The Boston Red Sox Hall of Fame Class of 2012 met with the media prior to their induction ceremony on Friday at Fenway Park, reflecting on their careers with one of the most storied franchises in sport.
The latest round of inductees includes Marty Barrett, Ellis Burks, Joe Dobson, Dutch Leonard, Curt Schilling, Joe Mooney and John I. Taylor. The final game of 1967, when the “Impossible Dream” Red Sox defeated the Minnesota Twins, 5-3, was also recognized as the Hall of Fame’s Memorable Moment.
Schilling was the obvious center of attention, fielding questions on numerous off-subject topics, including his failed video game company, while also recalling the organization’s World Series success during his tenure.
“To walk out on that sacred ground and take the ball every fifth day was something I’m very proud of and proud to be associated with,” said Schilling, who compiled 53 regular season wins in a Boston uniform. “I’m very proud. The important thing about something like this is that it’s recognition of the group of people I was with when I was here.”
Schilling, who has been outspoken about the team and organization since former manager Terry Francona’s departure, also gave his take on the current atmosphere on Yawkey Way.
“Communication is the essential piece to all of it and apparently it doesn’t seem like that’s going very well here,” said Schilling. “It starts at the top in the owners’ box and goes all the way to the clubhouse and everybody has to be on the same page. I’ve played on teams like this and it’s hard and it’s challenging because generally it never revolves around the nine innings in this place, its always about the other stuff. Its harder because its worse because there’s more of it and a guys a lot of times aren’t prepared for that.
“You have to have the group of guys who handle all of the media and answer all of the questions for everybody. All the World Series teams I played on, we had leaders. I took a lot of flack for a lot of things, but that stuff never bothered me because I knew what my job was.”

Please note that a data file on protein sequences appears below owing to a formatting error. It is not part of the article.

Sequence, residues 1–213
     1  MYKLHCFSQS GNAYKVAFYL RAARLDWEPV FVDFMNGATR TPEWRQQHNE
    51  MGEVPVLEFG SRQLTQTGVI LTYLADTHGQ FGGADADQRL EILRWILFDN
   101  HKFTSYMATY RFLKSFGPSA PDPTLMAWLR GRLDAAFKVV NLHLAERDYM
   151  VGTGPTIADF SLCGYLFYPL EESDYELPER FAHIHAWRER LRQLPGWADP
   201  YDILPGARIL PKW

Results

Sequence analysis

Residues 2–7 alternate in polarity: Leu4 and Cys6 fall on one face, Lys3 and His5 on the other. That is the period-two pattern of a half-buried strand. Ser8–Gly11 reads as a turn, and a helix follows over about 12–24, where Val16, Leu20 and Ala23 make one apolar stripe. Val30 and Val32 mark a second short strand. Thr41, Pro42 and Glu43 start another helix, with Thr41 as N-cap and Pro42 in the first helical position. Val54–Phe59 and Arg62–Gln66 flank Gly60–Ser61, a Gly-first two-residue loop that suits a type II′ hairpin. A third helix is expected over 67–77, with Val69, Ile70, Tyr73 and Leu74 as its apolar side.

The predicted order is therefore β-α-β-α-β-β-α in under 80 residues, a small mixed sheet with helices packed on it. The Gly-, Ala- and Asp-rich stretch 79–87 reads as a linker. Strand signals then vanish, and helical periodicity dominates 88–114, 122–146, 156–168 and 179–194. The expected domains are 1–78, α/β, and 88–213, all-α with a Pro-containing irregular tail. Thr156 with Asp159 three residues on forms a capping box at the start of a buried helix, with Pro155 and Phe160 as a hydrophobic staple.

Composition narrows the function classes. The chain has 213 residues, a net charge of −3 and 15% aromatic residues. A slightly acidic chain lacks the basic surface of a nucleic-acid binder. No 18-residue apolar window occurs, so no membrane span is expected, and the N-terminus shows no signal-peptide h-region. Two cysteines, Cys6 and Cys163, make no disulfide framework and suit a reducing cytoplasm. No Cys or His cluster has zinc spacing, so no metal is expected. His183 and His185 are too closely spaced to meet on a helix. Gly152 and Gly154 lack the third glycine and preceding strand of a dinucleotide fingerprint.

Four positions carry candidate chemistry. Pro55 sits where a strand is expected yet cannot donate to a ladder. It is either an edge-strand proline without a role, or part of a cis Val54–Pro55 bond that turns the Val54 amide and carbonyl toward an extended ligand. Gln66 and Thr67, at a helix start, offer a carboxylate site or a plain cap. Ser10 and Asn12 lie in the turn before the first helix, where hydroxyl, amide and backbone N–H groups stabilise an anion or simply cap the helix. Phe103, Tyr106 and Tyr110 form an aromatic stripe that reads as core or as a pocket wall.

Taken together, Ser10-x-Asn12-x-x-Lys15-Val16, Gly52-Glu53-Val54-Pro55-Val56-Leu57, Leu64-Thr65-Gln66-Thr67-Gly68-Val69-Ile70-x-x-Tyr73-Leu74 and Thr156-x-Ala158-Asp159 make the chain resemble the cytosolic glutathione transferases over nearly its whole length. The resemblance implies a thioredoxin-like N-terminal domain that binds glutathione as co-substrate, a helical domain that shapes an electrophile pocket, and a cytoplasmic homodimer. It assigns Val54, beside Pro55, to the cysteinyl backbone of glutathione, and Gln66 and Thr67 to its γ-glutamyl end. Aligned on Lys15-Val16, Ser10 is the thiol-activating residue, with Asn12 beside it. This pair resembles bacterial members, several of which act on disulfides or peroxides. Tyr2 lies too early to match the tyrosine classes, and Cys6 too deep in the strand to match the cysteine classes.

During his four years in Boston, Schilling helped the team to two World Series titles, posting a 6-1 postseason record with a 3.28 ERA.
“We realized that we had something very special and we recognized it early,” said Schilling regarding 2004. “It was a special year and I wish it could have parlayed into more with that group. We had a very special group from the manager to the clubhouse guys. When you play in the big leagues you understand that it’s always about a family when you play on good teams. That was what we had.
“You literally couldn’t wait to get up and go to the ball park. You couldn’t wait to be around the guys and that was organization wide.”
Although he was only able to play in 11 games during the 2004 World Series campaign, Ellis Burks looked back fondly on the year when he returned to the organization where his career began.
“That was a lot of fun,” said Burks, who played for the White Sox, Rockies, Giants and Indians between stints in Boston. “I never in my wildest dreams thought the Red Sox would want me to come back here.
“I’ve never burned bridges wherever I went and played, it was just a matter of me accepting it and wanting to be a part of it once again. I’m glad I did.”
Burks’ first six years with the Red Sox came from 1987 to 1992, crossing paths will fellow inductee Marty Barrett, who manned second base for nine seasons.
“When you’re in the minor leagues, you think you’re going to get there, but you never really know,” said Barrett, who played in Boston from 1982 to 1990. “I couldn’t have imagined back then that this would have happened.”
Representing the Hall of Fame Memorable Moment from 1967 that clinched the first Red Sox pennant in 21 years was Jim Lonborg, winner of that season’s Cy Young Award.
“I remember Rico catching that last out,” said Lonborg, who vividly recalled the ensuing moments. “I remember the joy of being with all of my teammates for a brief moment. Then I remember the chaos of a lot of people that I didn’t know and not quite going exactly where I wanted to go, which was back in the clubhouse to be with my teammates.
“Thank god for the Boston Police, they were able to abscond me from the crowd and get me where I wanted to be.”
All of the Hall of Fame honorees were recognized in a mid-day induction ceremony at Fenway Park and will be part of a pregame ceremony prior to Friday night’s game against the Minnesota Twins.